It is a scorcher out there.
We had near-record heat, tropical humidity and a sun bright enough to melt the hat off your head this week.
In fact, it has been so hot, I'm tempted to tell you to lock the windows, crank up the air conditioning and melt into the couch for a few days. But that wouldn't be right. I could never give such awful advice.
Just because it's hot outside, it doesn't mean you need to succumb to the lure of the indoors. After all, Mother Nature has given us all we need to beat the blazing summertime temperatures. Water. And lots of it.
Nothing is more refreshing than a dip into a cool, gently flowing stream when the mercury rises. That's why one of the greatest ways to spend a summertime day is to spread out across an old inner tube and float down the river. Grab some friends, a few tubes and hit the water.
While the Susquehanna is likely the first waterway that comes to mind for many folks in York County, don't forget the nearby Juniata River. It's a tubers dream -- with a nice flow of cool water and plenty of access points.
Because the Juniata is much smaller than the mighty Susquehanna, you're never far from shore. Plus, for the truly adventurous, it offers a slew of islands open to overnight camping. The only thing better than a day spent floating atop the water is two days floating on the river.
If you need a bit more action, leave the tube in the truck and hop on a kayak. Add a handful of fishing gear and you can turn a lazy day on the river into a fishing trip.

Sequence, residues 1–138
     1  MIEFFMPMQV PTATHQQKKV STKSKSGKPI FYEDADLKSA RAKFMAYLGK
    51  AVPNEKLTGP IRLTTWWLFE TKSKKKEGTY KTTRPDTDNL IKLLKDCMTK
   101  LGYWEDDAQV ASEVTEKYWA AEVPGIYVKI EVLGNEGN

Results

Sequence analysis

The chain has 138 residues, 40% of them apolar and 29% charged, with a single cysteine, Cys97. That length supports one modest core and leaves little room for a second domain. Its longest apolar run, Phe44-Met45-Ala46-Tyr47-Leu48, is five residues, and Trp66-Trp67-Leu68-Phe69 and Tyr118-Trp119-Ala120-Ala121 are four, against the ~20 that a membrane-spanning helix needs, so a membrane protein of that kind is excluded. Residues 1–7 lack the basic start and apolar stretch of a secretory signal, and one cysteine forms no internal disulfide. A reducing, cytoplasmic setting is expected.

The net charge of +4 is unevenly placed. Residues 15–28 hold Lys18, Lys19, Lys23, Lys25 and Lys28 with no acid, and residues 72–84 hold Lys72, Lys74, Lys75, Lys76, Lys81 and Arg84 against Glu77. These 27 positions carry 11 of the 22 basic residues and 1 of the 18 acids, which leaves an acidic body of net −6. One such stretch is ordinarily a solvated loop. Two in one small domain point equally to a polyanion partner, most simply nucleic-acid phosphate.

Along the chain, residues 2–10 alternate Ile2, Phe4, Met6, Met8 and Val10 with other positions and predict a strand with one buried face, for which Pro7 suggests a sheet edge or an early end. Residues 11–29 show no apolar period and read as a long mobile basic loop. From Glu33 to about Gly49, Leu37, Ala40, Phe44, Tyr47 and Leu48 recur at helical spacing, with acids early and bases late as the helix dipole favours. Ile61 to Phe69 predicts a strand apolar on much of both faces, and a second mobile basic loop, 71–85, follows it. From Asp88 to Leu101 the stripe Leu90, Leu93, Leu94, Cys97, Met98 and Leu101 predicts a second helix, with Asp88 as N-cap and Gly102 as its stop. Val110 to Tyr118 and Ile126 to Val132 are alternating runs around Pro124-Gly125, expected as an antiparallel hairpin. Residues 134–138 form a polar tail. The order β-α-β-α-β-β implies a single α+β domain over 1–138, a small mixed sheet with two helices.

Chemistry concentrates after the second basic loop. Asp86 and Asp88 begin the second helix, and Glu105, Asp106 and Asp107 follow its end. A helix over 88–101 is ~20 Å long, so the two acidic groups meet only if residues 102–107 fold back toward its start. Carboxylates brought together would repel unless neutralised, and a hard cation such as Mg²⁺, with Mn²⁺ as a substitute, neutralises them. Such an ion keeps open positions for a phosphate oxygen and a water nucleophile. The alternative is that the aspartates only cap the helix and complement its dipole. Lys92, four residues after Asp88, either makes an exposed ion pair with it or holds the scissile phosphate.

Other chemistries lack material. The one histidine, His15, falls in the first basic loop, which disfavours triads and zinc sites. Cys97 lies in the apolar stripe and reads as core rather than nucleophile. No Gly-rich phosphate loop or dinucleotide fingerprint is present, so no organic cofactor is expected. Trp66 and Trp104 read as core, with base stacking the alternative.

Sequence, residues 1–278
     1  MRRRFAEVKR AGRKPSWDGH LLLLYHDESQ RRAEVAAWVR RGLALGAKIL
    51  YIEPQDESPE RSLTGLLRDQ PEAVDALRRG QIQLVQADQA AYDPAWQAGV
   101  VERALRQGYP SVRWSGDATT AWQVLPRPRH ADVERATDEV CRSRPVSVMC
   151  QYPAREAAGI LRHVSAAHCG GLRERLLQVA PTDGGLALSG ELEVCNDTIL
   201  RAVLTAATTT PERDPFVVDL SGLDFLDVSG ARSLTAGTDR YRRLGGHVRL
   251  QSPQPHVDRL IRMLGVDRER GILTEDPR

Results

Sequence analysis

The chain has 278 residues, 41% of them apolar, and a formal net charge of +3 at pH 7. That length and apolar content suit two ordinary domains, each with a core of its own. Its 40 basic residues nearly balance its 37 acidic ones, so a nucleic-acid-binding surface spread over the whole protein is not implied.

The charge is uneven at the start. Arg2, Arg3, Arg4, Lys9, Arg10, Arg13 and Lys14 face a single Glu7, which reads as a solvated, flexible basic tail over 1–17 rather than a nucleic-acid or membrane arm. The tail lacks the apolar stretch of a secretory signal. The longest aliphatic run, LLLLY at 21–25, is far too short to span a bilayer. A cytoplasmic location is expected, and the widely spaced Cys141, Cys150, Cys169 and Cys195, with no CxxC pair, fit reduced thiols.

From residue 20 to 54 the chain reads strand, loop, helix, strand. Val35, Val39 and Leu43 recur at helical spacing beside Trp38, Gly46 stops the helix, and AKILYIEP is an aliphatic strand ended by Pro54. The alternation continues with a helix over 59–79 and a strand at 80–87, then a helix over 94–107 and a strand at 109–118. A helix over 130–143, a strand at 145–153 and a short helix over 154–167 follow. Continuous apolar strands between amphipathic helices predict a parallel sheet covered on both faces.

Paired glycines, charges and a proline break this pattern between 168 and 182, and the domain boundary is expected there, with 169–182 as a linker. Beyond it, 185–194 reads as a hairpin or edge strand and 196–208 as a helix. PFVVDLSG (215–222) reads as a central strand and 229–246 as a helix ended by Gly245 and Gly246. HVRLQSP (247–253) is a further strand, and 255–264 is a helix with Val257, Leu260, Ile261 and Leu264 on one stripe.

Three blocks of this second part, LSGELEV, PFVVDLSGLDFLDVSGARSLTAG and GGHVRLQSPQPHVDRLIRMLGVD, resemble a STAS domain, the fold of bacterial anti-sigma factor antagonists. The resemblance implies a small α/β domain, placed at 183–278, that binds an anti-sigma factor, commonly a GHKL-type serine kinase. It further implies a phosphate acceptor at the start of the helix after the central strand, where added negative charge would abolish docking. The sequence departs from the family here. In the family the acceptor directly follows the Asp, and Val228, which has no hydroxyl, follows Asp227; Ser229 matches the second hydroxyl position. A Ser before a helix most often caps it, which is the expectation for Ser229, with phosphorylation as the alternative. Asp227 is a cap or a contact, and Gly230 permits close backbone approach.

The Juniata is one of the state's hottest spots for smallmouth bass. And the Susquehanna offers plenty of opportunity to stretch your line. But don't forget about Lake Redman or Lake Williams in the center of the county. They're prime candidates for kayak fishing.
The trick to fishing from a kayak is to keep it simple. Stick to the essentials -- a handful of lures, a decent pair of pliers and your favorite rod. Anything more and you're making it too complicated.
Finally, my favorite way to cool off when the summertime heat is melting the siding on my house is to grab a fly rod and do some wet wading.
Save the neoprene waders for winter. When the sweat runs from your neck, all you need is a ratty old pair of sneakers and some cut-off shorts.
A local summertime hotspot is the Yellow Breeches creek at the northern end of the county. There are plenty of trout in the cool spring-fed stream to keep anglers happy. But don't forget about the Susquehanna. As the saying goes, it's a mile wide and a foot deep -- perfect for some hot-weather wading.
No matter what you get into when temperature rises, all I ask is you don't succumb to the air conditioning blues. Get outside and enjoy the season.
In six months, when the wind is blowing and the driveway needs to be shoveled, we'll be begging for some warmth. Soak it in while you can.
-- Andy Snyder writes about the outdoors for The York Dispatch. He can be reached at firstname.lastname@example.org.